, located off of McGee Road in Snellville, is preparing for Rosh Hashanah, the Jewish High Holidays. It is the only Reformed Jewish house of worship in Gwinnett County.
Rosh Hashanah literally means “head of the year,” and marks the beginning of the year from the anniversary of creation, according to Temple president Paul Weiss.
Weiss grew up in the Detroit area as a child. His neighborhood back then was entirely Jewish. When he was in elementary school, the school closed for Rosh Hashanah simply because there wouldn’t be enough children to attend. Things changed when he went to high school; the other feeder middle school had no Jewish kids. He was the first Jew many of his friends ever met.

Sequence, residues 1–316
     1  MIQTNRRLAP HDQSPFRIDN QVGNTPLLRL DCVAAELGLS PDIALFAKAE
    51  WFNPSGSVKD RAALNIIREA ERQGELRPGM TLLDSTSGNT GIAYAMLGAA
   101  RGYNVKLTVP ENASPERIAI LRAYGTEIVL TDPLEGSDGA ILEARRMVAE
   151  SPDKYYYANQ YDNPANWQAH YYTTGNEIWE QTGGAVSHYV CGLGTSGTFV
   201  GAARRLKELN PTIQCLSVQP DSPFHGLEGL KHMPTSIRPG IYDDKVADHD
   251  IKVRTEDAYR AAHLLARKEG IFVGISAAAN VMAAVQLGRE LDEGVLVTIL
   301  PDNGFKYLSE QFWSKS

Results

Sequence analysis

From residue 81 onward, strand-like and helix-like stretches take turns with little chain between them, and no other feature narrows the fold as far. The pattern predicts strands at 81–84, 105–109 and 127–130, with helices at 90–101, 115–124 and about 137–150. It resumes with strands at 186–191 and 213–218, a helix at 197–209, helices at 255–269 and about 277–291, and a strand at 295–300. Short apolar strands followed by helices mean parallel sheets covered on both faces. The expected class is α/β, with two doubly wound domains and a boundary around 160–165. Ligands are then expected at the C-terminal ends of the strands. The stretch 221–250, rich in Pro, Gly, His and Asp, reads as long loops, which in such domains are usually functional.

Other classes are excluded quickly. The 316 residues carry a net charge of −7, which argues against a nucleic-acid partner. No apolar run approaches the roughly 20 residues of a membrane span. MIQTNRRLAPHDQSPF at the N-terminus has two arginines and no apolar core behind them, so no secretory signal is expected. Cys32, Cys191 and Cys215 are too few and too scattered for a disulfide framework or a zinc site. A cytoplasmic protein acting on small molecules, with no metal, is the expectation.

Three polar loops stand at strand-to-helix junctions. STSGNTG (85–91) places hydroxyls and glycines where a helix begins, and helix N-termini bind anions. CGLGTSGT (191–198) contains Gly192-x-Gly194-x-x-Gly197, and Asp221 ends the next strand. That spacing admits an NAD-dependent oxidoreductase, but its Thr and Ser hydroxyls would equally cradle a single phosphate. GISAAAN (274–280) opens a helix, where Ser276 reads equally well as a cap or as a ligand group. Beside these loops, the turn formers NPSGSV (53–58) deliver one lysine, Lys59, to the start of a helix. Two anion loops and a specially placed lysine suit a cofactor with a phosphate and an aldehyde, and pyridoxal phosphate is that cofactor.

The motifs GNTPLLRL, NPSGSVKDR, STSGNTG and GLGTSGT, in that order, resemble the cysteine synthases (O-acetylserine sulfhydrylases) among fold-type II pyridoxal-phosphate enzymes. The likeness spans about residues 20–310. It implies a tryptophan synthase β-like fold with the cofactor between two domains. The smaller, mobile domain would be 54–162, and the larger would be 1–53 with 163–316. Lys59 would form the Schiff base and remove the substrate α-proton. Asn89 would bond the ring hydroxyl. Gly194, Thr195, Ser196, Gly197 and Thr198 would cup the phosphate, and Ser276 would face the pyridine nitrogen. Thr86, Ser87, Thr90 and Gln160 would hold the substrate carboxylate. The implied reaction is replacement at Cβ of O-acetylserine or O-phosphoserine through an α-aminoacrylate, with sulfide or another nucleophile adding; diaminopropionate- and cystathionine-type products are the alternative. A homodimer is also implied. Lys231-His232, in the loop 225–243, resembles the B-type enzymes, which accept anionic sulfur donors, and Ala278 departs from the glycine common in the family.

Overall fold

As a child, Weiss’ synagogue had to a have an extra room during the High Holidays just to accommodate all the extra people. With around 80 families, the atmosphere at Temple Beth David is more communal.
“There’s a Hebrew word, mishpacha, which implies a bond that is stronger than family,” said Weiss. “When you walk into a synagogue like this one, you’re part of the family from the moment you walk through the door.”
Rosh Hashanah is also a day that emphasizes the relationship between the Creator and humanity, and is the first of ten days leading up to Yom Kippur, the Day of Atonement.
It is also the day that G-d is proclaimed "King of the Universe."
To celebrate, the congregation will read a special section of Genesis out of the Torah, which is comprised of Genesis, Exodus, Leviticus, Numbers and Deuteronomy. The story of creation is read as well as the story of the binding of Isaac. Members of the synagogue will share traditional food, which includes apples and honey to celebrate a sweet new year, and challah, a braided bread. You’ll also see pomegranates, a fruit native to Israel, placed on the tables.
“It’s one of the most important days of the year,” said Weiss.